Pittsburgh Family Law Attorney Marcelina divides her time between family law, commercial real estate, mineral title work and business transactional work. As a Pittsburgh family law attorney, her family law practice primarily...Read More by Author
A Tip for Married, Soon-to-be Home Owners
Purchasing a home is an exciting time, but it is easy to be overwhelmed by the process. If you are married, before you sign on the dotted line, there is one thing you should consider; how you and your spouse want to hold your interest in the property you two are about to purchase.
A number of states offer extra protection in ownership called a tenancy by the entirety. Luckily, the Commonwealth of Pennsylvania is one of them. A tenancy by the entirety is a special interest in property that is only available to married couples. There are significant benefits to holding the ownership of property as a tenant by the entirety with your spouse. These benefits are most prevalent following the death of a spouse and/or when a spouse carries debt or sustains a liability judgment (car accident or lawsuit) during the course of the marriage.
When married persons own property as tenants by the entirety, each spouse owns a 100% interest in the land and the couple is viewed as a joint entity. In having this undivided interest in the property, neither spouse can sell his or her share or, in most cases, place a lien against the property without the consent of the other spouse. This, therefore, means that creditors cannot go after the property for the debt that is in one spouse’s individual name. Even further, if one spouse succumbs to bankruptcy, the property can be shielded from the bankruptcy action. These protections are specific to this form of ownership and are not available to other forms of ownership such as a tenancy in common or a joint tenancy with right of survivorship.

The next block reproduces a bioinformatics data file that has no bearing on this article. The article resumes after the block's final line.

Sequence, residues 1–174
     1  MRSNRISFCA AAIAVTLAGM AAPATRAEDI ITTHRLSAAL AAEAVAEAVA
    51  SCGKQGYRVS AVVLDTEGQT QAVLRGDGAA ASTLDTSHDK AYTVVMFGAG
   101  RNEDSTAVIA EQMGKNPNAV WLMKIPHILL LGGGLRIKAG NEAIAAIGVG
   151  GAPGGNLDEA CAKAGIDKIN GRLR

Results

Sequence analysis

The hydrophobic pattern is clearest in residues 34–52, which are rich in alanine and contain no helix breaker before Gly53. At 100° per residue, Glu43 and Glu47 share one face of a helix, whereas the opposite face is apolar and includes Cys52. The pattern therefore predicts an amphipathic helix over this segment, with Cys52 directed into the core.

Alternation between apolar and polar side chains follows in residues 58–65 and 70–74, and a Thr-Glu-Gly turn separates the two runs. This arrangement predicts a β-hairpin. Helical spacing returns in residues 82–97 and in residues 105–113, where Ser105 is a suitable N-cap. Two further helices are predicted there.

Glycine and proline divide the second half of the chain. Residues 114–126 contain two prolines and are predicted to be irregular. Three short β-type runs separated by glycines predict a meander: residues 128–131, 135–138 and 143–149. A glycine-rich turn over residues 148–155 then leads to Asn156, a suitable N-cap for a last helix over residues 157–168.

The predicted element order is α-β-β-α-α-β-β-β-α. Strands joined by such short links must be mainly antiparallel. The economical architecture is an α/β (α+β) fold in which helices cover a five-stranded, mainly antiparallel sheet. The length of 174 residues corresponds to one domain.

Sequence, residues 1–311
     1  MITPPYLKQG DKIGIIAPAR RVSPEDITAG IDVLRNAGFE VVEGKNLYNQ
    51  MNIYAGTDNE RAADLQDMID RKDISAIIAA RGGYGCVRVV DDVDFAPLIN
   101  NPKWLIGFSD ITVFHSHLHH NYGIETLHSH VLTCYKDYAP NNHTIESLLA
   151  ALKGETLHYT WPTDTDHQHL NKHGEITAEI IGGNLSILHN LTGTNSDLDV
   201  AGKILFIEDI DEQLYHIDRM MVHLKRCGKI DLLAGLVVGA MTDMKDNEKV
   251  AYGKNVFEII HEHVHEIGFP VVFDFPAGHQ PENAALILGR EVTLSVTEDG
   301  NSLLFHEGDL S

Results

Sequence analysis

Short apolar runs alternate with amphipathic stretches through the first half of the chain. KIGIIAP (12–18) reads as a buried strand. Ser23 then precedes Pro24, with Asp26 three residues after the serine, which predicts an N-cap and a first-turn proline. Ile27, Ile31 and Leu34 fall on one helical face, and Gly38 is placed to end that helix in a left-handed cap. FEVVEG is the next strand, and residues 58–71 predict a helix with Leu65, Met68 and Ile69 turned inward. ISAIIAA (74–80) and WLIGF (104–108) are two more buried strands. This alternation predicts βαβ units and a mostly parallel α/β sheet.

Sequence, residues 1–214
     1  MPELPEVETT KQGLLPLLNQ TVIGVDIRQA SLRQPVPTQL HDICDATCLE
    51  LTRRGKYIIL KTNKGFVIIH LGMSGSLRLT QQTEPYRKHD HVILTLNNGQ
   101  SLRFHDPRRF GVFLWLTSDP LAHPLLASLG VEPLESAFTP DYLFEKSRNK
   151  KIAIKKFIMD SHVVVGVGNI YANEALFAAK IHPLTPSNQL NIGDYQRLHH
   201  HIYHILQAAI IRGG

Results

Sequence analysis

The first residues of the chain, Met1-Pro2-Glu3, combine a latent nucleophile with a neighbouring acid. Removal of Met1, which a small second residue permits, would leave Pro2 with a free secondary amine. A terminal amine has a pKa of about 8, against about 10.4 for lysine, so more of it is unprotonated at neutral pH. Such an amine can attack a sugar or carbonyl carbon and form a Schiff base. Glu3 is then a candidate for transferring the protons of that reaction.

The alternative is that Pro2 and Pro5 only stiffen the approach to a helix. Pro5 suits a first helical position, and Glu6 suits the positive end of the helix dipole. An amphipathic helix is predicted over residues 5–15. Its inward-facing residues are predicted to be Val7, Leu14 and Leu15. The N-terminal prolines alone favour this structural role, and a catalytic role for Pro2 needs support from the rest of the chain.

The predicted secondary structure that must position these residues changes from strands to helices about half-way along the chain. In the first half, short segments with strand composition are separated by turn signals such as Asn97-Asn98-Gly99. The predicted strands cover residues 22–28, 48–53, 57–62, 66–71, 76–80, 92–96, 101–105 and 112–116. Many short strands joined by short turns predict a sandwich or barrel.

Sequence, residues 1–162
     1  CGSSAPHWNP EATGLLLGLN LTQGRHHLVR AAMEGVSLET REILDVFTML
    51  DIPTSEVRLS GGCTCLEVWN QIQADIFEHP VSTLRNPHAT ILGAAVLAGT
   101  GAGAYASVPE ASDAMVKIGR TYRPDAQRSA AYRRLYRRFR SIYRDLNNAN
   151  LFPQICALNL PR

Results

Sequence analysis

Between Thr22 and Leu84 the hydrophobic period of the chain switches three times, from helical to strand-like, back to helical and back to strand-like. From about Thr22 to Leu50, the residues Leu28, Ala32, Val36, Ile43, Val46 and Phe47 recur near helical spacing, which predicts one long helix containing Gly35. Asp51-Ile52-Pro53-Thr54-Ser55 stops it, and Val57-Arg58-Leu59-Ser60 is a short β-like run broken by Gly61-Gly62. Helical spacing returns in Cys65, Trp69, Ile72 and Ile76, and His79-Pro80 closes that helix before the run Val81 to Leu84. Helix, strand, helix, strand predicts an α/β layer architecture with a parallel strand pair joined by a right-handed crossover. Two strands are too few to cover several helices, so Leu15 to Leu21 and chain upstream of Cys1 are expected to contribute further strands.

As mentioned, with a tenancy by the entirety, each party owns a 100% interest, so when one of the spouses passes away, the surviving spouse becomes the sole owner of the property. This is automatic, and therefore, the property is not subject to probate and the surviving spouse does not have to worry about transferring title.
So what if you and your spouse own a home as joint tenants for example, but want to acquire this extra protection? You may convert your interest in the property to a tenancy by the entirety with a deed containing special language (i.e. that the parties are married or are spouses and wish to own the property as “tenants by the entirety”). The deed must be clear that the couple is married and wants to convert to the new form of ownership. Additionally, the deed must meet all of the standard recording and notary requirements. It is important to note that the Commonwealth of Pennsylvania does not tax this type of transfer between married couples, so there is no reason not to make the change.
Finally, if you are wondering what happens to the interest after a divorce, the simple answer is that a tenancy by the entirety terminates. As the relationship ends, so does the protection of the special interest that is unique to a marriage. Pursuant to Section 3507 of the Divorce Code, whenever married persons holding property as tenants by entireties are divorced and a decree is recorded, their interest converts to the ownership interest of tenants in common with equal one-half shares in value. Usually, as part of the divorce, the future ownership is determined and necessary for a sale or transfer of the property to occur.
If marriage is on your horizon, if you own a home with your spouse as joint tenants, or you have questions about property rights, please contact Marcelina Policicchio to determine the advantages and disadvantages of changing ownership based upon your individual circumstances.
The information contained in this publication should not be construed as legal advice, is not a substitute for legal counsel, and should not be relied on as such. For legal advice or answers to specific questions, please contact one of our attorneys.